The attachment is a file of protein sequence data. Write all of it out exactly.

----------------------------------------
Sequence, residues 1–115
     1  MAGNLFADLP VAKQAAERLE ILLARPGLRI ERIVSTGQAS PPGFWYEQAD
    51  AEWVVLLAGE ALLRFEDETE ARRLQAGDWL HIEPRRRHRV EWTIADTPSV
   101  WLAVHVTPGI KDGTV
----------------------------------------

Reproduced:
Sequence, residues 1–115
     1  MAGNLFADLP VAKQAAERLE ILLARPGLRI ERIVSTGQAS PPGFWYEQAD
    51  AEWVVLLAGE ALLRFEDETE ARRLQAGDWL HIEPRRRHRV EWTIADTPSV
   101  WLAVHVTPGI KDGTV